• Be willing to help them see what isn't working too. It's a lot kinder to point out what needs to change than to let a sibling continue to do something that isn't ever going to work out for him or her.
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    Be available if your sibling needs to talk. When things happen in life, having a sibling to talk things through with is an invaluable resource that not every person has access to. Build this into your relationships with your siblings by setting the example yourself; be willing to share things and to listen to what they want to share. By being the confidante sister, your siblings will know that they can trust you and reveal their deepest thoughts.
    • Always keep confidences shared by your siblings. The only exception is where someone is likely to be endangered by keeping a secret.
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    Stand up for your sibling. If your sibling is having a hard time with someone, see what ways you might be able to help your sibling. Perhaps you could have a quiet word with a person who seems a bit overbearing toward your sibling. Or perhaps you could explain to someone who keeps demanding too much of your sibling's time that your sibling has family commitments that need to be met instead. Obviously, don't fight your siblings' battles or make things worse but do let your siblings know that you're by their side and that you're willing to help in ways that you can.


  • If you're older and your siblings are frustrating you, try to remember yourself at their age, how you thought and acted, and what would have made you feel good.
  • Have an opinion, but don't take it personally if your opinion does not sit well with other views. Every person has their own way of seeing the world and determining values and the earlier you learn to balance your values with those of others, the better. Always remind yourself that you do not have to adopt anybody else's opinions; just listen as a way to accord the other person respect.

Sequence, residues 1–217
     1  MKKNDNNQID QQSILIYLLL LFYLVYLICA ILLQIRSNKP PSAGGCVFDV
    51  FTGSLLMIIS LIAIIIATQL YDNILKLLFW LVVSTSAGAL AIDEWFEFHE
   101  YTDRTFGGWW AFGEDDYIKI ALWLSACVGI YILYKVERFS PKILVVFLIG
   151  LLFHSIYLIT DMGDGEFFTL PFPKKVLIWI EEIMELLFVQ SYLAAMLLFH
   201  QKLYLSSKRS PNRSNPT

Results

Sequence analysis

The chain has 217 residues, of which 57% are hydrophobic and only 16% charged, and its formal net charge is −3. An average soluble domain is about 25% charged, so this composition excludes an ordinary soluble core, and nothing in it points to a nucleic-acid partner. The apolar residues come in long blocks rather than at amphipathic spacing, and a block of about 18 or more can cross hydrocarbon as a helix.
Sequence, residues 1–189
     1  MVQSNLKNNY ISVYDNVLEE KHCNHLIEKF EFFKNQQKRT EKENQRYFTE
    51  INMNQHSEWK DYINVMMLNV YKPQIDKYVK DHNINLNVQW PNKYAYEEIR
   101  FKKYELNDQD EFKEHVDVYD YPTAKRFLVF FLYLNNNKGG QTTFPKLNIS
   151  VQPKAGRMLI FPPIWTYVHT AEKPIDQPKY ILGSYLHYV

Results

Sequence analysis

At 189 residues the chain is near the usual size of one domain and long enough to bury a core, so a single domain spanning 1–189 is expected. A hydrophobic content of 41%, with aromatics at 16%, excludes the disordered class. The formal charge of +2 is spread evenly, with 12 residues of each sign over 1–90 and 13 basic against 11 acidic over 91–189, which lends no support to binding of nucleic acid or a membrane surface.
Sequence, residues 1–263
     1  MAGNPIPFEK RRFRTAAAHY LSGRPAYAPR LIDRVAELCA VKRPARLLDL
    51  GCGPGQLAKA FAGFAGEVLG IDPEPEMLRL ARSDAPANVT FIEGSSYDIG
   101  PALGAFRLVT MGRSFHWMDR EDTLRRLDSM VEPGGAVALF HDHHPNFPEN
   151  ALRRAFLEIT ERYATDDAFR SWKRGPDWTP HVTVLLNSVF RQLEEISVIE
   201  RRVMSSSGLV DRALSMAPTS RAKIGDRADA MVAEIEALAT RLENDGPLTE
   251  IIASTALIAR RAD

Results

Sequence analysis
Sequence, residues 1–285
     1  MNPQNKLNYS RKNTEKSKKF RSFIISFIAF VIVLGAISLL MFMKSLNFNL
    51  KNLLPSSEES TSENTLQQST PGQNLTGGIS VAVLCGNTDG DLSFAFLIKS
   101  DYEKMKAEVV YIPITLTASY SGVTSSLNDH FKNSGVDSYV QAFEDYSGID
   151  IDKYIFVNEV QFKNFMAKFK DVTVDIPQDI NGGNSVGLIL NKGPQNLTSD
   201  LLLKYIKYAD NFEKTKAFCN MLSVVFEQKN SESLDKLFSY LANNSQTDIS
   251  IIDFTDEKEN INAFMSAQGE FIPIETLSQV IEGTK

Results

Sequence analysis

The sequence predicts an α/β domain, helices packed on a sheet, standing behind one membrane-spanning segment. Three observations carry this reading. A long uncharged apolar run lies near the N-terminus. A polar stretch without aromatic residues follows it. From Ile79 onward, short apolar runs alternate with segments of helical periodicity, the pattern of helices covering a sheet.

• Chill on the sarcasm. It's wrong to confuse sarcasm with wit; sarcasm is a way of dismissing another person and treating their feelings as unimportant. It's also a way of acting superior. None of this is likely to win you sibling-of-the-year awards. If you do find yourself wanting to respond sarcastically, remind yourself to listen instead, and to keep an open mind. It can be more effective to ask a probing question about why your sibling thinks or wants to do something that you find ridiculous or fanciful instead of popping their balloon with meanness.
  • Try to be nice to them all the time.
  • Try as hard as you can to understand your siblings. If you are younger than that person then be loyal and always obey their commands.
  • Don't compare yourself with your sibling. This is a form of competitiveness that you will never win, and you will always feel inferior. Your sibling is different from you and it's better to pursue your own path than to try to emulate your sibling.
  • Always love your sibling even when they do things wrong.
  • If you're angry, express it with your sibling(s). Give them a few chances, but make clear that they can learn it the easy way or the hard way.
  • If you, and your sibling get in a fight, resolve it as quickly as possible. The longer you and your sibling hold a grudge, the more your relationship breaks.
  • If you and your sibling aren't exactly getting along, you need to show them you care about them as much as possible, make some sister bonding time.


  • Don't lie to your siblings or make up lies about them. Do this and it won't be long before they return the favor.
  • Don't treat your sibling like you're better than them. Acting superior can lead your siblings to despise you.
  • Don't treat your siblings as if they're invisible. If you do feel hassled out by them, tell them to give you space but then be sure to spend time with them later to make up for this.
  • Don't change tradition to suit you when they are involved also. Such change requires group discussion and compromises.